Instead of having “just” messages, 0.7 introduced new concept of events. Event is just a name and collection of parameters.

TornadIO2 provides easy-to-use syntax sugar which emulates RPC calls from the client to your python code. Check following example:

class MyConnection(SocketConnection):
    def test(self, name):
        print 'Hello %s' % name

        self.emit('thanks', name=name)
        self.emit('hello', name, 'foobar')

In your client code, to call this event, do something like:

sock.emit('hello', {name: 'Joes'});

You can also use positional parameters. For previous example, you can also do something like:

sock.emit('hello', 'Joes')

To handle event on client side, use following code:

sock.on('thanks', function(data) {
sock.on('hello', function(name, dummy) {
    alert('Hey ' + name + ' ' + dummy);

However, take care - if method signature does not match (missing parameters, extra parameters, etc), your connection will blow up and self destruct.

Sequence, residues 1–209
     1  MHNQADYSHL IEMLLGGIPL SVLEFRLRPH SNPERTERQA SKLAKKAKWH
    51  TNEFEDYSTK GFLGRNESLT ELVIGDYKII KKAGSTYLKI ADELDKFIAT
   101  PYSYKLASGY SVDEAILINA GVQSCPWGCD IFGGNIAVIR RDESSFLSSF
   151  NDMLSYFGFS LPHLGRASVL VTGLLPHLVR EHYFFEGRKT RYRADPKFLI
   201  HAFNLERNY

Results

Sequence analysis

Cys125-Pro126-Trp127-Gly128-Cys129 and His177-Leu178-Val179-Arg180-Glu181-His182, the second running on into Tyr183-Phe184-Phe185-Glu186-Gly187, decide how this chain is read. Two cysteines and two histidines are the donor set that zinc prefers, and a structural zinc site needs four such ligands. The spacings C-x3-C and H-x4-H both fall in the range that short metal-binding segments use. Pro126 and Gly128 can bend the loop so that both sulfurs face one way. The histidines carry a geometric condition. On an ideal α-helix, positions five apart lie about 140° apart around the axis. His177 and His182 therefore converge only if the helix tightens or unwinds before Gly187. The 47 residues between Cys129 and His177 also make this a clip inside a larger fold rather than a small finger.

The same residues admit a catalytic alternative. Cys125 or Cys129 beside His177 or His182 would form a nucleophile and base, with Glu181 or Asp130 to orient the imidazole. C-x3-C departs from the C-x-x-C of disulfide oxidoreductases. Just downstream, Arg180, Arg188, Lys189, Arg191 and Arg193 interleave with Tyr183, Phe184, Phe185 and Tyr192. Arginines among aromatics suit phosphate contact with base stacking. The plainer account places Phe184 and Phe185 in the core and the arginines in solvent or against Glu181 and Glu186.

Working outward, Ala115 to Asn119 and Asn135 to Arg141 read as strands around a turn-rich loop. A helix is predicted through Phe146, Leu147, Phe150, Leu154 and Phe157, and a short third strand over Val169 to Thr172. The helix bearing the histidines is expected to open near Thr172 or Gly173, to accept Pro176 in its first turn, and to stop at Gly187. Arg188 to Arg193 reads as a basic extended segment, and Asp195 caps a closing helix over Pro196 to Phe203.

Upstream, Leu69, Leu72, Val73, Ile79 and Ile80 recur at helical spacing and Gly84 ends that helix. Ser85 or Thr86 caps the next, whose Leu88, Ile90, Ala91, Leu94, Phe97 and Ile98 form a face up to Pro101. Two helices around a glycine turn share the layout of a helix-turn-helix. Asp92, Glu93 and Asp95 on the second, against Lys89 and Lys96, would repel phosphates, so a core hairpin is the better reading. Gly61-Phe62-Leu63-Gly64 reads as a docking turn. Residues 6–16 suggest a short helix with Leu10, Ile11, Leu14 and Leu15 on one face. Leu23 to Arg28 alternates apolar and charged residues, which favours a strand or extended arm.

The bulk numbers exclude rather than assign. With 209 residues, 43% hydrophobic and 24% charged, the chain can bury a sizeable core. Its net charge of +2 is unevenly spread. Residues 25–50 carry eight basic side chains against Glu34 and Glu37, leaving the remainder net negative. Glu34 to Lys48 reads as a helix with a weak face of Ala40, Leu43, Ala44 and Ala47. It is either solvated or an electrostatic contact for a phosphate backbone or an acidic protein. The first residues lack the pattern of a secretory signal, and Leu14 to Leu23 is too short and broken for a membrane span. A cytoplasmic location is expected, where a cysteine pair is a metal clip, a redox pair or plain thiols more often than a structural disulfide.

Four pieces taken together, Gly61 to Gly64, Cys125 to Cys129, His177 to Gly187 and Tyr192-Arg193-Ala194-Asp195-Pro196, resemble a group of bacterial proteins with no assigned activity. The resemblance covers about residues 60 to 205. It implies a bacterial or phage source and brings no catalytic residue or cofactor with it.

event decorator can be used without parameter and it will use event handler name in this case:

class MyConnection(SocketConnection):
    def hello(self, name):
        print 'Hello %s' % name

If you don’t like this event handling approach, just override on_event in your socket connection class and handle them by yourself:

class MyConnection(SocketConnection):
    def on_event(self, name, *args, **kwargs):
        if name == 'hello':
            print 'Hello %s' % (kwargs['name'])

        self.emit('thanks', name=kwargs['name'])

There’s also some magic involved in event message parsing to make it easier to work with events.

If you send data from client using following code:

sock.emit('test', {a: 10, b: 10});

TornadIO2 will unpack dictionary into kwargs parameters and pass it to the on_event handler. However, if you pass more than one parameter, Tornadio2 won’t unpack them into kwargs and will just pass parameters as args. For example, this code will lead to args being passed to on_event handler:

sock.emit('test', 1, 2, 3, {a: 10, b: 10});